You gain over 1000’ in that short first stretch and another 1000’ in the next three hours. The views all the way up are spectacular and when the path flattens out for the last 45 minutes, you can fully take your eyes off your boots and the boring tundra landscape and really look around. With an early enough start, you should arrive at base camp (at 15,100’) in the late morning. If it is climbing season (it was in October when I was there), base camp is a colorful array of tents and yaks and climbers. It is quite large, and the setting is much nicer than Everest north base camp in Tibet and the south base camp here in Nepal. There is a spongy, almost grassy field, which looks softer and less severe than the dirty glacial ice and rock at the higher elevation base camps.

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If you are lucky, you will see a few climbers high on the ridgeline leading up to the summit face, or on the triangular face itself, in the last stages of their ascent to the summit at 22,493’.

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Cold and wind are an inevitable presence at 15,000’, so it is wise to warm up with a drink and a snack and then think about going back down. You may find yourself pulling out every layer in your pack; on my trip, I started this descent in a t-shirt, long-sleeved shirt, light jacket, down jacket, and wind jacket on top, pants and liners on the bottom, and a hat and warm gloves on the extremities. It does get warmer as you descend, so you’ll keep busy stripping this all back off on the way down. The difference in the ability to breathe is marked; imagine finding 13-14,000’ oxygen-rich!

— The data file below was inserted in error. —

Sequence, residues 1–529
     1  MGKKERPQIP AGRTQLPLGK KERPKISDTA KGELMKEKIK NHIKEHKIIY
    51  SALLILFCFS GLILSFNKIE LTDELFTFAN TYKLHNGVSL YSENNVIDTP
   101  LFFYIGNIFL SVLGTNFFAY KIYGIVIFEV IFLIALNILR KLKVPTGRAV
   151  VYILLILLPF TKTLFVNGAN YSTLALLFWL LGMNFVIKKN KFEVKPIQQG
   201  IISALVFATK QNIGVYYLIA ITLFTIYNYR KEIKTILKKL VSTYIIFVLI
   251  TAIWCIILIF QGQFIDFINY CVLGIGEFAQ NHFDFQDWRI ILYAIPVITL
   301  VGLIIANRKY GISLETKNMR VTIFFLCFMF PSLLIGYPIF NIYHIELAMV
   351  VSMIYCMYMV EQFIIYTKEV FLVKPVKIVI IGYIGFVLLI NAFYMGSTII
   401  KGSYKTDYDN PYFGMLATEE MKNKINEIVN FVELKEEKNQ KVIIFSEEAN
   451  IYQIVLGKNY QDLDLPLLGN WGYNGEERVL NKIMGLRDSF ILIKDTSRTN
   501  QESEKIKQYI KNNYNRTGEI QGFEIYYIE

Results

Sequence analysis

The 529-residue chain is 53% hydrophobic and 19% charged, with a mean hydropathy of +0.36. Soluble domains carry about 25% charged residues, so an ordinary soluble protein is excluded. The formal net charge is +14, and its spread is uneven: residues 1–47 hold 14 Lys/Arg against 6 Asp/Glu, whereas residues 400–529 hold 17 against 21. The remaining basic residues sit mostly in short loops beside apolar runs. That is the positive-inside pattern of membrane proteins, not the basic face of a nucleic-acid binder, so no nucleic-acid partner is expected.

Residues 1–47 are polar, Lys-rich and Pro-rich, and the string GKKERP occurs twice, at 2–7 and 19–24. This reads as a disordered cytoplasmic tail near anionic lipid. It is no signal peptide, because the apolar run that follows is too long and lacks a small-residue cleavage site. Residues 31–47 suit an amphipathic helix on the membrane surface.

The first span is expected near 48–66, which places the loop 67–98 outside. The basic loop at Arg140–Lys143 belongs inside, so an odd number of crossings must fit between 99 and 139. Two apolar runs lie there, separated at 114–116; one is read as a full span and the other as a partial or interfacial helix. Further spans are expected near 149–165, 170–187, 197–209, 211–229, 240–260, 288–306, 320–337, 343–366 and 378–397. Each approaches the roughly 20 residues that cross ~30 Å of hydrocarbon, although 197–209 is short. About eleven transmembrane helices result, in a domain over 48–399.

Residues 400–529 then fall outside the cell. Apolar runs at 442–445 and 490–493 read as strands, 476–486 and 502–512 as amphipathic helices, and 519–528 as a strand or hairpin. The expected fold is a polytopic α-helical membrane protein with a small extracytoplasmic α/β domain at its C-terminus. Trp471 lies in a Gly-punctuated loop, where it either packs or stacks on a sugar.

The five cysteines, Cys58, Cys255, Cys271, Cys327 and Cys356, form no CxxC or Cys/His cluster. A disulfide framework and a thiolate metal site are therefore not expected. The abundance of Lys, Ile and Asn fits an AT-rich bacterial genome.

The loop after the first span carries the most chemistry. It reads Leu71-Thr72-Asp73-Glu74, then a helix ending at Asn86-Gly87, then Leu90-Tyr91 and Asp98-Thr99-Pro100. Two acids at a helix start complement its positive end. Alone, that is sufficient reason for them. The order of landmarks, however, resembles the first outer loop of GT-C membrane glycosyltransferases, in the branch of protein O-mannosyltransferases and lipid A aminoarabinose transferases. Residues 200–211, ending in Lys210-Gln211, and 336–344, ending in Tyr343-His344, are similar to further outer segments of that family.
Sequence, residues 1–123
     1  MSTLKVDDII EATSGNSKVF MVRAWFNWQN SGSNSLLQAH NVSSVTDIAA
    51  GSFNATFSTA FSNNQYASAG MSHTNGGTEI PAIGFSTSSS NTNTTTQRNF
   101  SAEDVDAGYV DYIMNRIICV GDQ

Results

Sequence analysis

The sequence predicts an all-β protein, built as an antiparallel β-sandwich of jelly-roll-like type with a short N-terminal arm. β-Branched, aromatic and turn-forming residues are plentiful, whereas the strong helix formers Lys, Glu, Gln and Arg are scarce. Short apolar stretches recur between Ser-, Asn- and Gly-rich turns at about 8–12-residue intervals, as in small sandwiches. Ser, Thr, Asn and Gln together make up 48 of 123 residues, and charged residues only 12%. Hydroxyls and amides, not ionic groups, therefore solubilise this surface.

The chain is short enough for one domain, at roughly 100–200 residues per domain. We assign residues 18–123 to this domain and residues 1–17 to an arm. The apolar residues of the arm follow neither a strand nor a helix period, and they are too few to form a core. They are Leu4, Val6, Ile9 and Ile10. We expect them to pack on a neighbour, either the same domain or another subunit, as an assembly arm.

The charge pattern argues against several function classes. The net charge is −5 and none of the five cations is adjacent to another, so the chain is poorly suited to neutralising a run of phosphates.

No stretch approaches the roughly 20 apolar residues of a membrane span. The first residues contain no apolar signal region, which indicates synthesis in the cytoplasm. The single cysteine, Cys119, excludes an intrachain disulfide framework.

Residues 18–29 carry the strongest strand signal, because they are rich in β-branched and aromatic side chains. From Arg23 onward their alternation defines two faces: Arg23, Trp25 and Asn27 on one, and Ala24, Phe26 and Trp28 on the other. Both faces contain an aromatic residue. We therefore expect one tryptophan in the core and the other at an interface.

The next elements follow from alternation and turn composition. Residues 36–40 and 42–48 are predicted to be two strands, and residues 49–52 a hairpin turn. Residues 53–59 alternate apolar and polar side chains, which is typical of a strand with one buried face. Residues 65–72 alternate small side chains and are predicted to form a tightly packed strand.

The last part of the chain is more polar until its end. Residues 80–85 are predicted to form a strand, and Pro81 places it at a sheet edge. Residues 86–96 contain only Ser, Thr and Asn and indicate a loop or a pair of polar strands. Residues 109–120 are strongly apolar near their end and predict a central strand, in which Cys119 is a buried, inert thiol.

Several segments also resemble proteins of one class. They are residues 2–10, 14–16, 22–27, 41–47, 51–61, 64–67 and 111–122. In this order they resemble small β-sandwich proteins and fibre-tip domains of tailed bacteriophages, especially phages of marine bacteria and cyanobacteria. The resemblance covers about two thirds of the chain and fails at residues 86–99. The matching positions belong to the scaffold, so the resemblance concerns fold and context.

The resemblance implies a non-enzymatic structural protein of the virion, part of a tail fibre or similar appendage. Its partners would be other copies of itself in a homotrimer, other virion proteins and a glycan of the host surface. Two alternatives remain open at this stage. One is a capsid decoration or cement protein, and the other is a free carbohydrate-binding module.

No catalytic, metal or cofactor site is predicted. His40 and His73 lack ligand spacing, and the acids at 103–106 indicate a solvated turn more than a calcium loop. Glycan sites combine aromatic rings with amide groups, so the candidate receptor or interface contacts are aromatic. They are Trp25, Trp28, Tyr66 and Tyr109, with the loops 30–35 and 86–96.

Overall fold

All told, it takes about four hours to get up and only two to get down. While you wait out the day before heading on to Everest or back down to Lukla, you can visit the old Pangboche village, built up high on the hill around the oldest gompa (temple) in the Khumbu. If you are lucky, the lama will be there and you’ll be able to go inside.

The Return 

If you are continuing on to Everest Base Camp, you have about 3-4 more days of walking ahead of you – on through Dingboche, Lobuje, and Gorak Shep before reaching EBC. If you are turning back, the return to Lukla takes only three days.

You can simply retrace the original trail (you will have to at some points), but to start out there is a lovely alternative out of Pangboche. It’s a longer route, but particularly beautiful and serene in parts. You will start going down to the bridge that led to Ama Dablam, but then turn right and follow the river back.

There is a wobbly plank bridge to cross, and an area where you must pick your way through a sea of boulders and rocks. After that, this trail to Tengboche is relaxing and beautiful, with rhododendron everywhere, musk deer hiding in the trees, a series of rock walls enclosing yak pastures, and some old stone buildings. Surrounding this idyllic landscape is a ring of Himalayan peaks, and the aroma of a profusion of incense plants fills the air.

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The next two days are a reverse walk through Namche Bazaar (no need for an acclimatization stop here on the way back) and Monjo. There are some excellent views of Everest where it is not dominated by Lhotse, and Ama Dablam still commands attention off to the right. (If you really want a break in Namche, you can visit the Sagarmatha National Park Conservation Memorial up above the town.) Leaving Namche, you have the killer hill in reverse, a couple of hours of quad- and knee-burning downhill steps and hills.

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* Note: Everest Summit Lodges are some of the nicest accommodations on the EBC trail. All rooms are unheated, but hot water bottles are often provided. Warm dining areas provide a cozy spot to eat, read, write, and talk. I highly recommend them.